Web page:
Across Southeast Asia, Christmas seems to be taking on bigger and brighter proportions. In Hanoi communist officials have extend their festive wishes to the church while Dreaming on Christmas Eve will go on stage at the Ho Chi Minh City Opera house.
In Thailand, people are being urged to remember the late King Bhumibol Adulyadej by making a Christmas donation to his favorite charity the Soi Dog Foundation as his son readies himself for the job ahead as monarch.
Meanwhile, Philippine President Rodrigo Duterte is urging rebels in the country’s much trouble south to take a Christmas vacation, while Cambodian Prime Minister Hun Sen is enjoying a truce with opposition leaders after a year of threats of war, imprisonment and defamation suits.
The Christmas spirit seems to be encouraging amid calls for peace across the ASEAN landscape.
Of course celebrations do vary from state to state, and appearances often diverge quite drastically from reality. In Indonesia, a Christian governor is under attack for blasphemy after making comments that upset the Islamic Defenders Front and left everyone else wondering what the fuss was all about.
Malaysian authorities have quite rightly spoken out against the violence in Myanmar leveled against Muslims but have stood silent for years as Islamic hardliners demanded a ban on Christians from using words like “Allah” in-country.
Federal Territories Mufti Datuk Dr Zulkifli Mohamad Al-Bakri went so far as to say Muslims are permitted by their faith to wish Christians “Merry Christmas” as long as such greetings “did not glorify non-Muslim faiths or use religious symbols.”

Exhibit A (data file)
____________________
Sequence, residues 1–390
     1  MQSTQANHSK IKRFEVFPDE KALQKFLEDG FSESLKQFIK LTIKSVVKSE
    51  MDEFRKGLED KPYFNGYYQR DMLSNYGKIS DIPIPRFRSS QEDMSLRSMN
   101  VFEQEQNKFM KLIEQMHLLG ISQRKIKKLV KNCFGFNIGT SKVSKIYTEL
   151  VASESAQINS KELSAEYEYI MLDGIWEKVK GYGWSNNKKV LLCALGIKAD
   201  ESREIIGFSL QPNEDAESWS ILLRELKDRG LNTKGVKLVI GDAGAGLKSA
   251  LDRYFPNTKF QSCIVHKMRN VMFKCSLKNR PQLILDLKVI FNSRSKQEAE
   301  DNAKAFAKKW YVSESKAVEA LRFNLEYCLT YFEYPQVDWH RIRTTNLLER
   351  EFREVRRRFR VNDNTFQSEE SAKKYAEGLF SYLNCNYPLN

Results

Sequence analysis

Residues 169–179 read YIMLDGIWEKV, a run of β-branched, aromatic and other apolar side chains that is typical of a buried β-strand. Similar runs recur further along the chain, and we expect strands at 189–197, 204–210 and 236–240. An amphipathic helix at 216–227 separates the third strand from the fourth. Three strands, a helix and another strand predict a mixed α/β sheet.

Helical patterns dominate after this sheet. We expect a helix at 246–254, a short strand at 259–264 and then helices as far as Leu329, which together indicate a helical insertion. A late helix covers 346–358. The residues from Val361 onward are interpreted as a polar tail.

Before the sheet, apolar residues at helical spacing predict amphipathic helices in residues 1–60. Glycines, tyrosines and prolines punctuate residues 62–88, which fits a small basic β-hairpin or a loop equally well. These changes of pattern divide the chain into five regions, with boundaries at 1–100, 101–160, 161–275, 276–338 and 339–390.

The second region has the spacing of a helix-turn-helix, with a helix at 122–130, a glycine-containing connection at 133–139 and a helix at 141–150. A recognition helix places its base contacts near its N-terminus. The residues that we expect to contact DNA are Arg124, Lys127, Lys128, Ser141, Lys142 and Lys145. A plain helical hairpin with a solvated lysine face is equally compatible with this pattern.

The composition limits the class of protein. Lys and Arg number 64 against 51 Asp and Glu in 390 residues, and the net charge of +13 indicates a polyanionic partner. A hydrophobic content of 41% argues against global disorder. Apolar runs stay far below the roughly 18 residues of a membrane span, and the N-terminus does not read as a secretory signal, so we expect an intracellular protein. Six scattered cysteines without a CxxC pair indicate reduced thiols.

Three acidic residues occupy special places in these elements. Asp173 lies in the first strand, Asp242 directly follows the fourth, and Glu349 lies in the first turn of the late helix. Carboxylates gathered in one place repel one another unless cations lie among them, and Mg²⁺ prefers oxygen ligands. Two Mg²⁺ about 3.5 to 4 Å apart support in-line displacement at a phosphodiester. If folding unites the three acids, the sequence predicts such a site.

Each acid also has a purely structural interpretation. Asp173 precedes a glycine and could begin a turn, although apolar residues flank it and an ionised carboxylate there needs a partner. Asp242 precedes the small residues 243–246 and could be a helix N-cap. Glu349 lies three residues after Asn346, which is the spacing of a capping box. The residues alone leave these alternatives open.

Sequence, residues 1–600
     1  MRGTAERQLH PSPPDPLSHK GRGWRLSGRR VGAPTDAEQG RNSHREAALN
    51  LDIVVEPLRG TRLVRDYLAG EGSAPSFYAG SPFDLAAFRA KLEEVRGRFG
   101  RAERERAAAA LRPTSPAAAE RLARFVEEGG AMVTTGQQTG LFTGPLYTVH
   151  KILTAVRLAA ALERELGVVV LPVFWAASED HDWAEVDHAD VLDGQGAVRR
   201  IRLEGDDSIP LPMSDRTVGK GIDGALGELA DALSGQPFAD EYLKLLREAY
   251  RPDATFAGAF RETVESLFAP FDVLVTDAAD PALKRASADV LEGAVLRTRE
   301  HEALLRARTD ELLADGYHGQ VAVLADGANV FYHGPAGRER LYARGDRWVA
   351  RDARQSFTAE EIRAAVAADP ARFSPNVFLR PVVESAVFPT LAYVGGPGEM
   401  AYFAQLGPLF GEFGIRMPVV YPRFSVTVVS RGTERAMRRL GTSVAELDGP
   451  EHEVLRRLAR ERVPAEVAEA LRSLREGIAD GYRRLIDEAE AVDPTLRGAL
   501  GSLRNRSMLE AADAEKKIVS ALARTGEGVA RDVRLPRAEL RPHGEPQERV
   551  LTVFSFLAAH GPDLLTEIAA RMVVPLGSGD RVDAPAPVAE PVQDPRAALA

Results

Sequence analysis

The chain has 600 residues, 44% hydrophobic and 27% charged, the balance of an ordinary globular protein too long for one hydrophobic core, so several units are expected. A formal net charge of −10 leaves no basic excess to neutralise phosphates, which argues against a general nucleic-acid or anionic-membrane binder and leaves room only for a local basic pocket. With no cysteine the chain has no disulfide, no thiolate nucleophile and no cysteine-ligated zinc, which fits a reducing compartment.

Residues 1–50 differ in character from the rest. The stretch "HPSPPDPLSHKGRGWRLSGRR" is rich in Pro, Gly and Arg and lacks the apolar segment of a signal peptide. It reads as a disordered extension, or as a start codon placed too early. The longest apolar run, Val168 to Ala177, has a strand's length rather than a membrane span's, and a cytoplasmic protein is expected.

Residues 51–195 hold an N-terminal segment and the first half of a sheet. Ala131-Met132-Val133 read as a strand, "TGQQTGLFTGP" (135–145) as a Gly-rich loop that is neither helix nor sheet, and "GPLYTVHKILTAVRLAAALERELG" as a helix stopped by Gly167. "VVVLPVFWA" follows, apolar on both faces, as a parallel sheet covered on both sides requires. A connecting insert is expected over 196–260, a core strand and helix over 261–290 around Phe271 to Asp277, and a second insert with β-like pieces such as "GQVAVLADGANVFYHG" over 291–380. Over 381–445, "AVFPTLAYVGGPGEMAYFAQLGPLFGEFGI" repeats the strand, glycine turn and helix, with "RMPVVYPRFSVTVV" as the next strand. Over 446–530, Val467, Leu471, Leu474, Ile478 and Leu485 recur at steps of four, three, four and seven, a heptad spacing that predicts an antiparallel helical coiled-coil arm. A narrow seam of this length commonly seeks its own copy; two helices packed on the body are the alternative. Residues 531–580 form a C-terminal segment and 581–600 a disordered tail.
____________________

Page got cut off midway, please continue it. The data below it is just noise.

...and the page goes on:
In 2009, some authorities tried to enforce a ban on Christians using the word “Allah” despite the word had being used in local bibles and dictionaries for centuries. In the aftermath, pigs’ heads were left at the entrance to several mosques but this was widely believed to have been staged by troublemakers hoping to blame Christians. Pig meat is non-halal and the heads had been wrapped in plastic bags, indicating they were not handled by Christians.
In Brunei, the “War Against Christmas” (WAC) is being keenly watched after it was effectively banned last year with warnings that the singing of carols could threaten the country’s Muslim faithful.
Vietnam has upset many with its willful blindness of international norms when it passed laws last month to augment the management of religion in country, where provincial authorities are notorious for their oppression of people of faith.
Apart from the Philippines, all other countries in the region are predominantly Muslim or Buddhist. But even in Christian Manila any spirit of goodwill is far from convincing.
Duterte is responsible for the slaughter of almost 6,000 people authorities labelled as drug dealers, indicative of what he really thinks of a judicial system he inherited, one which is even incapable of trying him for the murders of three men he confessed too.
Not bad for a president whose approval rating stands at 63 percent – in the very good bracket – just one point lower than when he was elected to office with most Filipinos approving of the arbitrary killings and are apparently unfazed by his recent murder confessions.
In Myanmar, ethnic Kachin are being displaced in a joyless Christmas in the country’s war torn north while Muslim Rohingya in Rakhine continue to be targeted for violent attacks, allegedly by the security forces, prompting an appeal from Cardinal Charles Maung Bo of Yangon.
He wants all religions to set aside New Year’s Day for prayer and fasting for peace, urging people from all religions to flock to monasteries, churches, temples and mosques carrying placards depicting the words; “Stop All Wars.”
The cardinal’s thoughts are as wise as his words are noble. However, whether the region’s political leaders are up to the task is doubtful given their expertise at lip service when delivering messages of peace and hope in an often difficult part of the world.
Nevertheless, despite the hypocritical nature of their leaders, many people in Southeast Asia would welcome such a start to 2017, which is already shaping-up as a very troubled year to come.
Luke Hunt can be followed on Twitter @lukeanthonyhunt